Common Names/Nicknames: E, X, XTC, Adam, Eve, love, lover’s speed, upper’s, clarity
Active Compound: Methylenedioxymethamphetamine (MDMA), methylenedioxyamphetamine (MDA), methylenedioxyethylamphetamine (MDE)
Found in: Ecstasy tablets
Mode of Consumption: Ingestion, insufflation, injection
DEA Scheduling/Legal Status (in US): Schedule I, illegal in all states
Euphoria, psychedelia, analgesia, hyperactivity, altered consciousness, calmness, pleasurable sensitivity to physical stimulation
Acute: Anxiety, paranoia, hypersensitivity, dehydration, hyperthermia, muscle twitching, seizures, coma, permanent brain damage, fatal overdose
Chronic: Depression, anxiety, dental damage, significant memory impairment, decreased brain function, liver damage, muscle damage, brain damage
Dangerous Drug Combinations:
Potentially fatal combination with antidepressants that are monoamine oxidase (MAO) inhibitors.
Approximately half of all purported ecstasy tablets contain no ecstasy. Common substitutes include caffeine, dextromethorphan, amphetamine, ephedrine, and ketamine.
And remember, if somebody may need help, play it safe and call for medical assistance.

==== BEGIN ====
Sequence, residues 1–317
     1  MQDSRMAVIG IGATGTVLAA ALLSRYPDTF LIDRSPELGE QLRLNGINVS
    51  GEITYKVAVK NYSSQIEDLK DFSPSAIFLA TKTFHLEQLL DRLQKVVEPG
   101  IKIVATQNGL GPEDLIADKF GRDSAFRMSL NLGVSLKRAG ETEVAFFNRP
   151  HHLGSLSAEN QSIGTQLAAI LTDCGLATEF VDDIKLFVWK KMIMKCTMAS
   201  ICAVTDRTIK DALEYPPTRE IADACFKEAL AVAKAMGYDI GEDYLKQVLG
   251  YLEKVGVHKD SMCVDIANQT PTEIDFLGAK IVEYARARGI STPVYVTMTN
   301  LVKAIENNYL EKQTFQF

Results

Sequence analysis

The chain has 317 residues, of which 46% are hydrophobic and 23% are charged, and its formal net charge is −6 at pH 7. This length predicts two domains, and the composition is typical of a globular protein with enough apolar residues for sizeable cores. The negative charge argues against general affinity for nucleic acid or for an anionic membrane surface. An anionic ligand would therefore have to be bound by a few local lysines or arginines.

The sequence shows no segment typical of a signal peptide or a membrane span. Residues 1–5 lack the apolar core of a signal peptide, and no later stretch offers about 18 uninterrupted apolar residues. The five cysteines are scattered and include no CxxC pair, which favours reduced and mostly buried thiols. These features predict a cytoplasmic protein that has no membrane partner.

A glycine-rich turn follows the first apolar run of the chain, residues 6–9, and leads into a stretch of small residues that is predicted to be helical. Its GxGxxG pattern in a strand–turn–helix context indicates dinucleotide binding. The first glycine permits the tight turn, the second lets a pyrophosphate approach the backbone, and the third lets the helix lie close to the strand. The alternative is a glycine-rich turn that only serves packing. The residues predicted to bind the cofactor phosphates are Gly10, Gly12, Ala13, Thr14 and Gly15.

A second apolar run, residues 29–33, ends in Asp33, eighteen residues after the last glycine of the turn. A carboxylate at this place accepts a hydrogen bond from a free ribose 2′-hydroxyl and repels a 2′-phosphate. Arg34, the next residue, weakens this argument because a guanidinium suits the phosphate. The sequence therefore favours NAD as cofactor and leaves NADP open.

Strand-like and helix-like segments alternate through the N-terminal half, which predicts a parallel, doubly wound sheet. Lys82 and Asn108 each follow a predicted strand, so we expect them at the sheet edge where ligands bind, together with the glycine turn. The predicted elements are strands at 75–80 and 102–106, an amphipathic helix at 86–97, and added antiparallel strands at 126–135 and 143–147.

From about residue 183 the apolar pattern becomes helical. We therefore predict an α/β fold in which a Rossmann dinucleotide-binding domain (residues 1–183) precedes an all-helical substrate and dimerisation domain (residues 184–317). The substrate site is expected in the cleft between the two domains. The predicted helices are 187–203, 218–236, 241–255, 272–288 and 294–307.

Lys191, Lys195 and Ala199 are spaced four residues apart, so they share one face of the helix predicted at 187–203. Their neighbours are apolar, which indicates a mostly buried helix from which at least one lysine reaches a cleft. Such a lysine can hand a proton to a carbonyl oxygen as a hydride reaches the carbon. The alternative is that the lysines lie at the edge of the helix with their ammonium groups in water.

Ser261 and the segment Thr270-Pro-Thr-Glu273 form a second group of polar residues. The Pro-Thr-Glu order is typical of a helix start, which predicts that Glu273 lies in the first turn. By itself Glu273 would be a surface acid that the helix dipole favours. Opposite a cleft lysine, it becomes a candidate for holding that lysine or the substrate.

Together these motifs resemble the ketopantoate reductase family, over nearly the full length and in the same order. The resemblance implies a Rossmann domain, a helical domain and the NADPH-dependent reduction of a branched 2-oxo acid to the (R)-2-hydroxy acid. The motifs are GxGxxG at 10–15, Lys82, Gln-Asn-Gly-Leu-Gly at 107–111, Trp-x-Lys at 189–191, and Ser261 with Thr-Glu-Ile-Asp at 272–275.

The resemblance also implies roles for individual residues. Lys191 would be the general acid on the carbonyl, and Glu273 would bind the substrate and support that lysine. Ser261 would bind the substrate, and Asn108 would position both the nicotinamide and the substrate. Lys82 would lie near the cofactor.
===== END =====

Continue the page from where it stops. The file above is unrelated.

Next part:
“Students may bring an intoxicated or drug-impaired friend to University Health Services or to a hospital, or seek assistance from College residential life staff or HUPD, and by doing this, neither they nor the friend will face disciplinary action from the College for having used or provided alcohol or drugs.”
The Amnesty Policy
Harvard College Student Handbook
Buzzed: The Straight Facts About the Most Used and Abused Drugs from Alcohol to Ecstasy (Third Edition), by Cynthia Kuhn, Scott Swartzwelder, and Wilkie Wilson. Published 2008 by W. W. Norton & Company.
National Institute on Drug Abuse (NIDA), part of the National Institute of Health (NIH) of the U.S. Department of Health and Human Services.
U.S. Drug Enforcement Agency (DEA), part of the U.S. Department of Justice.